The College Admissions Equivalency of "Spelling Doesn't Count"


Diamond Member
Nov 22, 2003
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Formula writing for high test scores:

Fooling the College Board

In the 1930’s, American businesses were locked in a fierce economic competition with Russian merchants for fear that their communist philosophies would dominate American markets. As a result, American competition drove the country into an economic depression and the only way to pull them out of it was through civil cooperation. American president Franklin Delenor Roosevelt advocated for civil unity despite the communist threat of success by quoting “the only thing we need to fear is itself,” which desdained competition as an alternative to cooperation for success. In the end, the American economy pulled out of the depression and succeeded communism.

Does that paragraph read like an excerpt of an essay with “reasonably consistent mastery” and that “effectively develops a point of view” and “demonstrates strong critical thinking, generally using appropriate examples"? Those are the College Board’s descriptions of the kinds of qualities that earn an essay a score of 5 (the second highest possible) on the essay portion of the SAT, a new and controversial part of the exam. And that is the score an essay with that paragraph (all punctuation, spelling, FDR’s new middle name and other “facts” verbatim) received from two readers when a student submitted it in October, having been coached on how to do so by a professor at the Massachusetts Institute of Technology.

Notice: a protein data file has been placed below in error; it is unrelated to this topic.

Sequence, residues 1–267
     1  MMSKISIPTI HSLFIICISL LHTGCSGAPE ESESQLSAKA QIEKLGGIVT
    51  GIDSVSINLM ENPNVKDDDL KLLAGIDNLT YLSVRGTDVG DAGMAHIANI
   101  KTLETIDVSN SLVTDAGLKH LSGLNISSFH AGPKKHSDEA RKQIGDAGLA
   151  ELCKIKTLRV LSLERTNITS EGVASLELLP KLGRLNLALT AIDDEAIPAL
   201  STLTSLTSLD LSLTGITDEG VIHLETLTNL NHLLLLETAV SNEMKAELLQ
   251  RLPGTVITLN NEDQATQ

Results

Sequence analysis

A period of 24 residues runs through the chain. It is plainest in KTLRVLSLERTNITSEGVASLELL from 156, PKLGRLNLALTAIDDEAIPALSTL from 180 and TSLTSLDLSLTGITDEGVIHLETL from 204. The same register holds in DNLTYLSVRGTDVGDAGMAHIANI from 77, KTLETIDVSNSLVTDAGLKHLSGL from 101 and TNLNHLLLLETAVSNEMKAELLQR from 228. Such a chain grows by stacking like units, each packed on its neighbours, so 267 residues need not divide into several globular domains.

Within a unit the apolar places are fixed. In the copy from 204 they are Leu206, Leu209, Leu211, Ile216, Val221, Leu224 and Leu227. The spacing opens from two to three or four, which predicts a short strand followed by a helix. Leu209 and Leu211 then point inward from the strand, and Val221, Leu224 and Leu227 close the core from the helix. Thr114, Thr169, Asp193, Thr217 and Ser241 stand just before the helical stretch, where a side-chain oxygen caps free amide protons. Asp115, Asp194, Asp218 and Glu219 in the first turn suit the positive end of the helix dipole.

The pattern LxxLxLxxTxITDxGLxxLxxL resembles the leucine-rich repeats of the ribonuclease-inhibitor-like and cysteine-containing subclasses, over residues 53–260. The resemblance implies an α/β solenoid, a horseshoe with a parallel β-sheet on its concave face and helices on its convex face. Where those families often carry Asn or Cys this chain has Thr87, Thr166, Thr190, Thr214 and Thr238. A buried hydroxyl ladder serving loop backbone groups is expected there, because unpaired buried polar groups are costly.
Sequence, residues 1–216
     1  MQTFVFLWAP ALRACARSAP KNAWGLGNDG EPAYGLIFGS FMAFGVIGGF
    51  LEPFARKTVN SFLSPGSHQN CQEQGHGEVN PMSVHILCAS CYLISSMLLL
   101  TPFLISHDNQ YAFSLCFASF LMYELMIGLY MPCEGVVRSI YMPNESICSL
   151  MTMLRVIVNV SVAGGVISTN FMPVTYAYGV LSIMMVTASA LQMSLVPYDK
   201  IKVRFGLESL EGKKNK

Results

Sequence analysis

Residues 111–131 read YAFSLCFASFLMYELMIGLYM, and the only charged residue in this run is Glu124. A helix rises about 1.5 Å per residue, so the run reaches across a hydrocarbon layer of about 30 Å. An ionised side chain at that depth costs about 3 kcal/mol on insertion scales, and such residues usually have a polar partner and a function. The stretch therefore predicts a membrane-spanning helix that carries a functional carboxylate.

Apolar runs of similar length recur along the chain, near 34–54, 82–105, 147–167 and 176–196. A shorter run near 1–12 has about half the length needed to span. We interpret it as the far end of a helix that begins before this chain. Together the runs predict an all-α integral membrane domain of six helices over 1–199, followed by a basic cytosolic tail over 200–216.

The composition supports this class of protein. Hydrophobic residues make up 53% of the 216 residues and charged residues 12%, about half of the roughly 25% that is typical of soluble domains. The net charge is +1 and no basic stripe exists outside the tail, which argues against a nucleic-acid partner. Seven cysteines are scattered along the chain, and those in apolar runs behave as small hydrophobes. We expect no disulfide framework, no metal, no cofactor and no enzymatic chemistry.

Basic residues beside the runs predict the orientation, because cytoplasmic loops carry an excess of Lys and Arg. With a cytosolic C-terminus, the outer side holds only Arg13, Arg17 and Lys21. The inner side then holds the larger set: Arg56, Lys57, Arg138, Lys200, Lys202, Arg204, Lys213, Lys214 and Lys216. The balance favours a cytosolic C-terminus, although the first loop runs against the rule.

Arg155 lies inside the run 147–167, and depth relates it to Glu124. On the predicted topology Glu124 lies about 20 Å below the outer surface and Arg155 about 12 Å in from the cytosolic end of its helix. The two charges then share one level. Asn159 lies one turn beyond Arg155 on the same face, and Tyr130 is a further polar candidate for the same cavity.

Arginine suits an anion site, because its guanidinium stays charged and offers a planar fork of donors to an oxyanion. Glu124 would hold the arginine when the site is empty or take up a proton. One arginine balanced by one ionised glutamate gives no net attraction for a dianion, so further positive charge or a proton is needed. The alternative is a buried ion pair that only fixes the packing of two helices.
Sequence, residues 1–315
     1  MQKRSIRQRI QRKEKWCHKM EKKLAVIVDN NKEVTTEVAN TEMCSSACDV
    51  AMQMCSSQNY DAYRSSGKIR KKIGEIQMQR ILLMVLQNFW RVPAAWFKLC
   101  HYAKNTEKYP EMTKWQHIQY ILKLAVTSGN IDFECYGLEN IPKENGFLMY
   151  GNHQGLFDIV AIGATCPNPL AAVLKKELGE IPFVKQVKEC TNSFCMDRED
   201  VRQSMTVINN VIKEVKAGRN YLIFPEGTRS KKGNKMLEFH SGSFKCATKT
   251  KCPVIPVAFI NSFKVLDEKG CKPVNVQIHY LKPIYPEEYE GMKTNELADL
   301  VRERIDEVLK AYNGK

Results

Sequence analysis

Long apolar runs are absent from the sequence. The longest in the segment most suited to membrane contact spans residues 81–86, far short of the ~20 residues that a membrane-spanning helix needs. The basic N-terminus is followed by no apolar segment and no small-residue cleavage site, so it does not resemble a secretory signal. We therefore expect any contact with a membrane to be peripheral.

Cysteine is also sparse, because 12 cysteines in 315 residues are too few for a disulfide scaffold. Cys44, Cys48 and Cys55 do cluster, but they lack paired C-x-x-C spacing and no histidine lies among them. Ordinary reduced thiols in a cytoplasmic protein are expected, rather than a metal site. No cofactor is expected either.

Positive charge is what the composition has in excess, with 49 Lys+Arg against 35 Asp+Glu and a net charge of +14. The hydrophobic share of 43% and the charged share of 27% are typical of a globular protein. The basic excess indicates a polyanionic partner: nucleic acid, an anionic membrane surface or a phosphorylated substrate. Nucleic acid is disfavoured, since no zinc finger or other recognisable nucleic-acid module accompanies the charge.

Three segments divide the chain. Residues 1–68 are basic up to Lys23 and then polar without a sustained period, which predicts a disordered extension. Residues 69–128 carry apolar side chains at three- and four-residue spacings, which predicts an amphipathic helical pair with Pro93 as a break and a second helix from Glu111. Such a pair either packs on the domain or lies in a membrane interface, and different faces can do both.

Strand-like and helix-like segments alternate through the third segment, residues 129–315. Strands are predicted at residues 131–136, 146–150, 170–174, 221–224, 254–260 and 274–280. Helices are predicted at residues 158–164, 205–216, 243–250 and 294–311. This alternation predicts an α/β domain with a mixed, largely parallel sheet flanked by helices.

Les Perelman, the professor, is among the many writing experts who fear that the new essay portion of the SAT and the push to use standardized testing for writing are harming American students. Perelman has had various skirmishes with the College Board on the issue, with each side offering analyses of the test. Perelman helped a student (over the age of 18 and with informed consent, he is quick to add) take the SAT in October, intentionally paying no attention to whether any historical facts he cited were correct, following certain formulas (including examples from the arts and history, but not worrying whether they make sense), and including key words that the SAT scoring teams are thought to favor ("plethora” and “myriad” are both considered tops — and this essay featured both).


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